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After spending several years in social services, Nicole has finally followed her lifelong dream of being a full-time writer. In addition to her work for The Hudsucker, Nicole is also a staff writer for Womanista. An avid comic book fan, BBQ aficionado, professional makeup artist and first-time mom, Nicole can be found exploring Kansas City rich history when she's not blogging about suburban life at Suburban Flamingo.

A New Kind of Hero: Ms. Marvel

This spring something big happened in the world of comics.  A new person took up the Ms. Marvel mantle and that person wasn’t a busty blonde. It was an awkward, intelligent teenage Pakistani-American girl who just so happens to be Muslim. Let that sink in for a moment. Ms. Marvel, a major player in the Marvel comics universe, has long been the domain of an attractive stereotypical “All-American” Barbie-esque woman named Carol Danvers. She’s pretty awesome in her own right, but most women in comic and especially those that fill significant roles follow that visual template. Now that has been turned on its head.

Image credit: Marvel.com

Image credit: Marvel.com

The new Ms. marvel is Kamala Khan, a young woman trying to figure out who she is as she comes of age between two worlds: the typical American high school culture and the traditional Pakistani Muslim family dynamic. She is, in many ways, an ordinary young woman. What makes her special is what makes her game-changing: she is not white and not Christian. She also doesn’t need anyone to save her. She is becoming her own hero.

It is refreshing to see this in comics. Comics are not exactly friendly to women. Both DC and Marvel have long histories of objectifying women visually (a quick look through nearly any issue of any title will net you a selection of scantily clad, sexualized ladies,) weakening them in the guise of power (many superhero women have passive powers or major issues emotionally that blocks their power potential,) or straight out victimizing them in the name of plot device (rape, pointless murder and death, being blinked out of continuity.) It is unusual for a woman to be an interesting, vulnerable being that resembles an average person. It is unheard of for that woman to be a minority.

This matters for a number of reasons. Young women are reading more comics. With the mainstream popularity of the Marvel cinematic universe the comics are being consumed by a wider audience. This expanded audience includes more women and non-whites who have been exposed to the stories and characters through the films. Additionally, the rise of “geek-culture” has also brought wider, non-male, non-white audiences to comics. This expanded audience is looking to find themselves reflected in the stories on the page and now with a prominent character being a character of our American diversity readers have a hero who is more like them. For Muslim readers having a hero who shares their faith is validating and, especially for younger readers, gives a positive take on a portion of the population who routinely sees only negative images of their culture portrayed. Having an American Muslim heroine is a far, far, cry from the more common”terrorist” caricature so often and erroneously presented.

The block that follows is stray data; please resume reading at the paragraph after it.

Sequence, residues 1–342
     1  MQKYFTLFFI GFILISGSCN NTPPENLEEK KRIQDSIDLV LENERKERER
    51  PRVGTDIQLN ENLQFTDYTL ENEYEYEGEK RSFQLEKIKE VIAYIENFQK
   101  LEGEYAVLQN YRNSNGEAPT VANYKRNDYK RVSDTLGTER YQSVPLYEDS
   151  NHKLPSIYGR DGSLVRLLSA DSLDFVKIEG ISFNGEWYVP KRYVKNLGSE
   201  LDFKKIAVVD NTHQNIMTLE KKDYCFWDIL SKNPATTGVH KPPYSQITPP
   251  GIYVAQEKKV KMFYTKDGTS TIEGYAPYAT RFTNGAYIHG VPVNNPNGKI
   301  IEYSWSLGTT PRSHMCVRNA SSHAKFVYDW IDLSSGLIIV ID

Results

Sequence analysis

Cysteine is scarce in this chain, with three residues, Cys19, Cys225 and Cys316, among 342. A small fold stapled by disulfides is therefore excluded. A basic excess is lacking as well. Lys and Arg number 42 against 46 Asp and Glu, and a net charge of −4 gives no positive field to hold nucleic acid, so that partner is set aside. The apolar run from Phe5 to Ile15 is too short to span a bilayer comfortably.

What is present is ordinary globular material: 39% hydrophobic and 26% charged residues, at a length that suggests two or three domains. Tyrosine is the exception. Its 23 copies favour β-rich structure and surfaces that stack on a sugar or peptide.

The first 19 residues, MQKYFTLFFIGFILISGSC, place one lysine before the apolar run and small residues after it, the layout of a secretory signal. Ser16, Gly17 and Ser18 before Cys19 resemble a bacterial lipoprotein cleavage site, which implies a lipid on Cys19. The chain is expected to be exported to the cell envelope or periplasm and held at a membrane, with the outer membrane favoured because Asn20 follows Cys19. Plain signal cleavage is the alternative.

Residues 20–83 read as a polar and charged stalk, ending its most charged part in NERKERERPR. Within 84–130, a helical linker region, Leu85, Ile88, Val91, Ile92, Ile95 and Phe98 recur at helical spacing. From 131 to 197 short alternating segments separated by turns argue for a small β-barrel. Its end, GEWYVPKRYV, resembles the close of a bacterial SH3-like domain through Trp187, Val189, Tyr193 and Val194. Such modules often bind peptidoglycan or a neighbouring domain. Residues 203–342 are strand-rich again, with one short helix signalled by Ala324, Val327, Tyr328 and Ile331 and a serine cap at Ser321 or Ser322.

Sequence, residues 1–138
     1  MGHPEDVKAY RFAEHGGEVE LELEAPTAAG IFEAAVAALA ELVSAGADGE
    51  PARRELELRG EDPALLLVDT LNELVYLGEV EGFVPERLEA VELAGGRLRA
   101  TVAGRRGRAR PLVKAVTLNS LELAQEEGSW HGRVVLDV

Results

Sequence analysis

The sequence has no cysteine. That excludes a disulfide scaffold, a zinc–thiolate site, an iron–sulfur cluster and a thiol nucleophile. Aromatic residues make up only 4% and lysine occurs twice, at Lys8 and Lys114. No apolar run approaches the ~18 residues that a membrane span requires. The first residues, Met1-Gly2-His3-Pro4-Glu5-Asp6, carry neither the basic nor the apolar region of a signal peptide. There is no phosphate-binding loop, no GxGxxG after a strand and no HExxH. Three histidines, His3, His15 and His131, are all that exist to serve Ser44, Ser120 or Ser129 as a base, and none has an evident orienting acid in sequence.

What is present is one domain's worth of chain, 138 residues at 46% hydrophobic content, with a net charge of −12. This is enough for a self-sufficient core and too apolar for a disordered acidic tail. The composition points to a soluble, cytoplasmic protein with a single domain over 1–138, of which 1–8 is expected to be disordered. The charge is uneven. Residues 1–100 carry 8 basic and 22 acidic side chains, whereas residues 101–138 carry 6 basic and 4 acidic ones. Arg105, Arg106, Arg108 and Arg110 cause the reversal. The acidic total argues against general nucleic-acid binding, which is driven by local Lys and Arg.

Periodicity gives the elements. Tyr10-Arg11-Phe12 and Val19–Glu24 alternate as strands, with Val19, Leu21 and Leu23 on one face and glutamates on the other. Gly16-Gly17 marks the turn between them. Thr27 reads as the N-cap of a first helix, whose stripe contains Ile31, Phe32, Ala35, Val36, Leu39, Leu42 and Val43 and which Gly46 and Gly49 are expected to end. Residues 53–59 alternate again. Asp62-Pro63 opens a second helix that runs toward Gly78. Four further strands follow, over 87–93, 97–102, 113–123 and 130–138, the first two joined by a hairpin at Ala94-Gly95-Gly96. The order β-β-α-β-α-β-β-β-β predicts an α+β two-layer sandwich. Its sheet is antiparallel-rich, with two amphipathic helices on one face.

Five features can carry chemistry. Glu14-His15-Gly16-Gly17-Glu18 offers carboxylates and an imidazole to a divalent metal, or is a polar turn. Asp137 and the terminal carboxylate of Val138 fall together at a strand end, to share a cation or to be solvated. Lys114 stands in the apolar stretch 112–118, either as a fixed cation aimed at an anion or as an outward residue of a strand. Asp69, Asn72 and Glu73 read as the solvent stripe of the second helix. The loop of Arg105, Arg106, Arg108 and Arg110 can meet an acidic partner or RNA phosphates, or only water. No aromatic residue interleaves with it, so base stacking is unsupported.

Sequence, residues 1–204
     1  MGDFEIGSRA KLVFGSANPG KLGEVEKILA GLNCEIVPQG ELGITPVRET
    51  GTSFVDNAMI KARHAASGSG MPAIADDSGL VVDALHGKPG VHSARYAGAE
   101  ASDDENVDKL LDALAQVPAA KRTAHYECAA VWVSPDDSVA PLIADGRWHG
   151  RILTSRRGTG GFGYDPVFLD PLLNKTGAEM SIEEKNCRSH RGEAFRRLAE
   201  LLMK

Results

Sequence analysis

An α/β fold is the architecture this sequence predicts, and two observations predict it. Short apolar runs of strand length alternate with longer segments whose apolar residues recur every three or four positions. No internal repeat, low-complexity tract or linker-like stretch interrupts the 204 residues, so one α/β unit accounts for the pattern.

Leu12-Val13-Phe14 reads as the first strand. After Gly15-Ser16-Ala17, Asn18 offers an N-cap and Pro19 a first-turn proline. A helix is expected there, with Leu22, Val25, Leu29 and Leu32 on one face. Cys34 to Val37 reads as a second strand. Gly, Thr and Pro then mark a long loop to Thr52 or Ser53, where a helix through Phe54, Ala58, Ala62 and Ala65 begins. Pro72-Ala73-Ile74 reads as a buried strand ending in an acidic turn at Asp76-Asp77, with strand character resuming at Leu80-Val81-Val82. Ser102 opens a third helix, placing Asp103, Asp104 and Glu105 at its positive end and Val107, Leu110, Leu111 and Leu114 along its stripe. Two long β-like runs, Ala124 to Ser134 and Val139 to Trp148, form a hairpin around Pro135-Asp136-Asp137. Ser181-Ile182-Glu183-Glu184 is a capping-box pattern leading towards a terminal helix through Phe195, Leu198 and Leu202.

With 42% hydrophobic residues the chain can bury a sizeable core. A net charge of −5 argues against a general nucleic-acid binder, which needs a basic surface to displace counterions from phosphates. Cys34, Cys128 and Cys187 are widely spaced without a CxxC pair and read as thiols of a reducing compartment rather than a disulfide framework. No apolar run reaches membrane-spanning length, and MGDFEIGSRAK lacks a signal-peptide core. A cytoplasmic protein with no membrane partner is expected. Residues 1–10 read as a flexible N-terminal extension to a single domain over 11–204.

Heavy social issues aside the comic is a great read. The first four issues of “Ms. Marvel” are on stands now so it’s easy to get in from the beginning and readers are getting a true, ground-up beginning. We meet Kamala as she is searching for her own identity as the teen daughter of Pakistani Muslim immigrants.  She’s American, but an immigrant so she is stuck between the culture where she has grown up and so badly wants to fit in and the culture of her heritage. She is also Muslim which puts her odds with the parties and pranks of teen culture, but also at odds with her own budding feminist self. She is outspoken while being told her cultural leaders to be submissive (there is a great panel in one issue where she points out that there was no partition at the Prophet’s mosque in Medina that kept women and men separate and is shut down by her elders.) And she is a big fan of the Avengers and the former Ms. Marvel (now Captain Marvel) Carol Danvers, her favorite hero. When she decides to take a chance and sneak out to a high school party, Kamala finds herself in over her head and leaves…only to end up overtaken by a mist that leaves her with superpowers. These new superpowers are tested in short order when she discovers a classmate who has been less-than-kind to her is in dire trouble. Kamala must decide what to do with her new-found powers in that moment. Readers are treated to a powerful and beautiful moment when Kamala’s faith comes into play as she decides what to do, relying on a teaching from the Quran that is a more eloquent and humbling version of Spider-man’s “with great power comes great responsibility” bit. But even in her heroics Kamala is still trying to find herself as she can only save her classmate while pretending to be her idol, Carol Danvers. Of course, she gets busted for sneaking out so she’s got even more to deal with leaving her with the complex full plate of finding herself, finding her place, managing family with her own dreams, and now she has this terrible and wonderful secret gift that she can use to change the world if only she can sort out who she is.

Sounds an awful lot like most of us mortals walking the world. She may look different but Kamala Khan is really a reflection of us all.

You can pick up physical issues of “Ms. Marvel” at your local comic shop or purchase digital versions at Marvel.com

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